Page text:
The average cost to get a quality "English type" (Blocky build) Labrador is between $1800.00 and $3500.00 depending on the bloodlines and testing done on the parents. Make sure the parents are AKC registered, have their OFA's on Hips, Elbows, Hearts and Eyes. Genetic testing is also done now that checks for hereditary diseases in each specific breed. A good healthy dog is expensive but it's worth it in the long run. Stud fees alone are well over $2000.00, not to mention the shipping costs and veterinary costs involved from shipping semen. If you want a good dog, find a quality breeder that cares to breed the cleanest and most correct dogs.


You don't need OF A on eyes or heart if you have a complete Embark Canine Genetic Panel completed that looks at 35 different eye conditions so it is 100 percent more reliable than a vet eye exam.

Anonymous asked:
I was searching for Labrador in Next Day Pets for the first time. I found that I don't quite understand - what do "Champion bloodline" and "Champion Sired" mean? Could you please explain to me? Thank you very much!



Champion in general means that a dog has earned his/her Championship Title in Confirmation Showing. Champion bloodline means that the puppy has dogs in his/her bloodline, ie: grandparent that has won their Championship Title. While Champion sired or Champion damed means that the father of the litter (Sire) or mother (Dam) has earned his/her Championship Title. To win a Championship Title, the dog must be of the set standard of the breed and have the best confirmation (body, movement, temperament, ect.) in the class the dog competed in. It is a very good thing, but you should always ask to see title paperwork though to confirm it is true.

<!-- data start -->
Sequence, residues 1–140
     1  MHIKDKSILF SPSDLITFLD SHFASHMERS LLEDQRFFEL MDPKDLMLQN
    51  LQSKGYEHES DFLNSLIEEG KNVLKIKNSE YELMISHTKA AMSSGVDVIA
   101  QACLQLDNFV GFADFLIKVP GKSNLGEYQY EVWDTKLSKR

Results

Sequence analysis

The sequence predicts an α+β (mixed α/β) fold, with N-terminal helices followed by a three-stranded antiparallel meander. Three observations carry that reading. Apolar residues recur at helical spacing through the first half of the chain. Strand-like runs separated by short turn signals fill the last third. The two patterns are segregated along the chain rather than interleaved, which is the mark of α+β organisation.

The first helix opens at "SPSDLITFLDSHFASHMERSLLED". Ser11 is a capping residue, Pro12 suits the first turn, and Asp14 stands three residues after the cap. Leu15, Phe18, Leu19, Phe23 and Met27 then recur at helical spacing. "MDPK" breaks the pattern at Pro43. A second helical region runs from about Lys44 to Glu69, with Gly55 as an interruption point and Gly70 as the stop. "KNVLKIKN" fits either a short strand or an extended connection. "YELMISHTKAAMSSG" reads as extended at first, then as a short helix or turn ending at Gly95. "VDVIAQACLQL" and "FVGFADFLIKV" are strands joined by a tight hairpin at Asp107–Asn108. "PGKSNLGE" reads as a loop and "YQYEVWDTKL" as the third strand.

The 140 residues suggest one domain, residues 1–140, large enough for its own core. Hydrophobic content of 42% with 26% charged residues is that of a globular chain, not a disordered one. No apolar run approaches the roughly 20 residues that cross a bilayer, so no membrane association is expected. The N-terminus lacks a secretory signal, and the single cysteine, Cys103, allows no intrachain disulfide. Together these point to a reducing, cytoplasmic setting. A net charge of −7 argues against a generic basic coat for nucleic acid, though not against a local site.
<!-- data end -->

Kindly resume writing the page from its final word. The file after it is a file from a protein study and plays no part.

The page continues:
There is a difference in AKC Champions and International Champions. AKC takes many many times of showing a dog in competitions against other dogs of the same breed. International can be gotten in 1 day if the dog meets the 'standards ' for the breed.... An International is not nearly as meaningful as an AKC Champion.


Not entirely true. I researched videos of International Champions and they are GORGEOUS. Many countries have scrict, higher standards and have designated "breeders" that show and breed and have been doing so for decades.


Agreed! International Champions get it in a few showings because they meet the standard. Period. And they are absolutely gorgeous!

Anonymous asked:
I have a 6-month-old Labrador who pulls on her leash and bites on her lead and harness. Can you tell me how to encourage her to walk beside me?



Contacting your local Positive Reinforcement trainer and signing your dog up for classes will be the easiest way to stop this behavior. You need a trainer to work with you and your dog as you are walking to correct this behavior. But until that happens, I would suggest spraying the leash and harness with a bittering spray you can buy at any pet store to discourage your dog from wanting to bite at the leash and harness. The trainer will help you use treats to encourage your dog to walk beside you instead of pulling.